“The customer experience” is something that most companies think about on a daily basis. We consider the various touchpoints that our brand is likely to engage a member of our target audience, and strategize ways to ensure that it is the best possible interaction as possible. With every engagement, we want to strengthen the relationship and the customer’s perception of the brand, in hopes that we retain them as a customer for as long as possible.
But what about the employee experience? How often do you think about how the series of small, daily engagements affect your employees’ overall opinion of working at your company? Probably not enough.
There are endless reasons why it is important to think about your employee experience. First off, it is intrinsically tied to your employees’ success within your organization. This means that the employee experience also impacts productivity, morale, and turnover rates (just like your customers, you want to keep your employees for as long as possible).
Sounds good enough – but what can you actually do to improve your employee experience? Turns out, the theory and practice are very similar to the customer experience. It is all about meeting their needs. In this article, we will take a look at what that means.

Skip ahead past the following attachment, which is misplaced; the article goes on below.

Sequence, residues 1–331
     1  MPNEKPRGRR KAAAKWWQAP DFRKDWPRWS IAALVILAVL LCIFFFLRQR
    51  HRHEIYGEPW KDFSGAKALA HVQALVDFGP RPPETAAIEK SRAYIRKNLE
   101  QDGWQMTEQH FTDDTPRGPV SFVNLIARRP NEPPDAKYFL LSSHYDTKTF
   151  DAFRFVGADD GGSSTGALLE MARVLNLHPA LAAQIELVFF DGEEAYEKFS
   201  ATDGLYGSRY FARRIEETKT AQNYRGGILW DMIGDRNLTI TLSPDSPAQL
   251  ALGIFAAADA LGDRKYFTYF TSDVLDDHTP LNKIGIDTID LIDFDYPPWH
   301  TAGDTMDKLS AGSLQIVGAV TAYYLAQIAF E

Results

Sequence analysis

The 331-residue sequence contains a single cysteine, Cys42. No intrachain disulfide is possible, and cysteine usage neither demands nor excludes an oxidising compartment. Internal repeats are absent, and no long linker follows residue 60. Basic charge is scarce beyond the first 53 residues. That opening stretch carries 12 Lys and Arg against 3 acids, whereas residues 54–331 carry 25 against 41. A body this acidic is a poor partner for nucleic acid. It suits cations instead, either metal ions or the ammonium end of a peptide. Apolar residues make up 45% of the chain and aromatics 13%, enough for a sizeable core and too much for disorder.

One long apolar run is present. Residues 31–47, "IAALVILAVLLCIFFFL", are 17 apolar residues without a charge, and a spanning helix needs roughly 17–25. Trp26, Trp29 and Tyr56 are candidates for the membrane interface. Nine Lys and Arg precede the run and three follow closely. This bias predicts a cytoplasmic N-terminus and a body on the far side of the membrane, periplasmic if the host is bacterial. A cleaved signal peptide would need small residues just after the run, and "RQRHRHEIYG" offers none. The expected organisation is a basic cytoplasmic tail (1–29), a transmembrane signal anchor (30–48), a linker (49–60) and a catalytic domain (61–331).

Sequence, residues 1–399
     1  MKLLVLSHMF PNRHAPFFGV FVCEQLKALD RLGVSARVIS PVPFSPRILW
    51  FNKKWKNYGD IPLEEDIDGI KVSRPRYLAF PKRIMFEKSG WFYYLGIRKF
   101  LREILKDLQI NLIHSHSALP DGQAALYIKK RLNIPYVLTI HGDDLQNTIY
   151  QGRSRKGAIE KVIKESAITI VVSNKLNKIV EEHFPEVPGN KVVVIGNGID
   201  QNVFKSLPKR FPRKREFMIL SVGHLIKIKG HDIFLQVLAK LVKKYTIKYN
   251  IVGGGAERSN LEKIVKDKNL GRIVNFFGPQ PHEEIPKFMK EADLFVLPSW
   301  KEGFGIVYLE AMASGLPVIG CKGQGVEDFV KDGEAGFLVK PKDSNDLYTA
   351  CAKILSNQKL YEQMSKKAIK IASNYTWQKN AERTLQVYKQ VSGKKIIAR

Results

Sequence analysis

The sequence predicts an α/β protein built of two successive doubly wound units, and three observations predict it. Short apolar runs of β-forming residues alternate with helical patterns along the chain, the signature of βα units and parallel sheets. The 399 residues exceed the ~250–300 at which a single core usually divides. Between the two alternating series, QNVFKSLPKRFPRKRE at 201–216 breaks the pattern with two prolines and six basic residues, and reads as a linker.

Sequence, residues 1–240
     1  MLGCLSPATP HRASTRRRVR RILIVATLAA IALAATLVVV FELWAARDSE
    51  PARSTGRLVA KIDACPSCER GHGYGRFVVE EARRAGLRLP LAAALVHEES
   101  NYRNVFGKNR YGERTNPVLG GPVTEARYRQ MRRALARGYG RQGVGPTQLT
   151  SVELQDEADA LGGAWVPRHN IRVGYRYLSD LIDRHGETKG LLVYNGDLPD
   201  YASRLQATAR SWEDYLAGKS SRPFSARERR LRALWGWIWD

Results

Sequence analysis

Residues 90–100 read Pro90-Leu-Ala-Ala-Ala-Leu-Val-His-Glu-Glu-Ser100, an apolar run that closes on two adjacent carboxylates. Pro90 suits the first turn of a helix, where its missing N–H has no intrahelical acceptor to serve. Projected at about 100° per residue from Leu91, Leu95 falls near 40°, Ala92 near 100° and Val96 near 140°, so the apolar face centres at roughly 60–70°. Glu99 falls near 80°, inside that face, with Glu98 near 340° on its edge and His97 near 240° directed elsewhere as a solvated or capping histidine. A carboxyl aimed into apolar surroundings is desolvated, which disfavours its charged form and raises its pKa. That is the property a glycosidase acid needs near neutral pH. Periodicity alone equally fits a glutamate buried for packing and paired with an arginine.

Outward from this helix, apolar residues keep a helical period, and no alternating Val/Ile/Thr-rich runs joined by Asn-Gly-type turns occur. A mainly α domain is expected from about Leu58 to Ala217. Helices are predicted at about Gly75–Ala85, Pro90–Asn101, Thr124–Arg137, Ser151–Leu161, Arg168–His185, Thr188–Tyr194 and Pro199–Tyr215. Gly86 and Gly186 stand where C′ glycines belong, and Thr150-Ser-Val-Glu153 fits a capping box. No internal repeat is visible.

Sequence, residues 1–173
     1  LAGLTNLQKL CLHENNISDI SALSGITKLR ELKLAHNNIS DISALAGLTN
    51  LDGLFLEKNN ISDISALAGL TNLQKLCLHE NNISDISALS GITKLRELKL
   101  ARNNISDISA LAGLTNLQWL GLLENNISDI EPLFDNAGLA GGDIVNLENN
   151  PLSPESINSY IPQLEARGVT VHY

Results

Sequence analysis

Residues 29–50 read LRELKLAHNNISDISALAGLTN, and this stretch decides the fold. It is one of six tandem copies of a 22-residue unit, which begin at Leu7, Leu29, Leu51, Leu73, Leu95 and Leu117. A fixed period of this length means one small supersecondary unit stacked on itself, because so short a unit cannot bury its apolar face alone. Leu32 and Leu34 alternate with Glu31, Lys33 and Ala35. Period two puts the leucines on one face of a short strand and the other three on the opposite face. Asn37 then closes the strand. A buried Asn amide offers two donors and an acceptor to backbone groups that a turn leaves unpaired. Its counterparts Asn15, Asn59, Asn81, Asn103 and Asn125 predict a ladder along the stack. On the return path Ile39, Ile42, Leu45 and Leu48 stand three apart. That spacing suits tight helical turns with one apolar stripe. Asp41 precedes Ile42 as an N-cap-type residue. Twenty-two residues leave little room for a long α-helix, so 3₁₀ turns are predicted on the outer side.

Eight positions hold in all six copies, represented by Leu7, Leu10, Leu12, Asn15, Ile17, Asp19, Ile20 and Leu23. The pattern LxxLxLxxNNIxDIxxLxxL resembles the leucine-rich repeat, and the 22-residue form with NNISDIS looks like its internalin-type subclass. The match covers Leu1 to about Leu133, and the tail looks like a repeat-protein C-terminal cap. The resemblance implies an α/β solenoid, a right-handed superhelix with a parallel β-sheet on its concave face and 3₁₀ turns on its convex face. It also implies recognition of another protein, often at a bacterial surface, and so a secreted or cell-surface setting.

Do not assume that all employees all the same
You segment your customer audience for a reason: people are motivated by different things. Your employees are not the same; some might care more about perks like flexible work hours, whereas recognition is more important to others. If you want to create a good working experience, it is important to understand how to best communicate and reward individuals at different “stages” of the employee experience (e.g., recruiting, onboarding, ongoing advancement, etc.).
It can be difficult to discern the differences between individuals. This is why it is so important to keep open lines of communication and ask people directly what is important to them. By doing so, you will demonstrate that you care about their needs and value them as employees.
But also recognize that there are some universal truths
As much as we are all driven by different things, we all ultimately want to be seen, heard, and appreciated. This is something that you should be considering at every “employee touchpoint.” If you consider your employee experience to be of the same importance as your customer experience, you will have high retention rates and overall better employee performance – which, in turn, benefit your customer experience.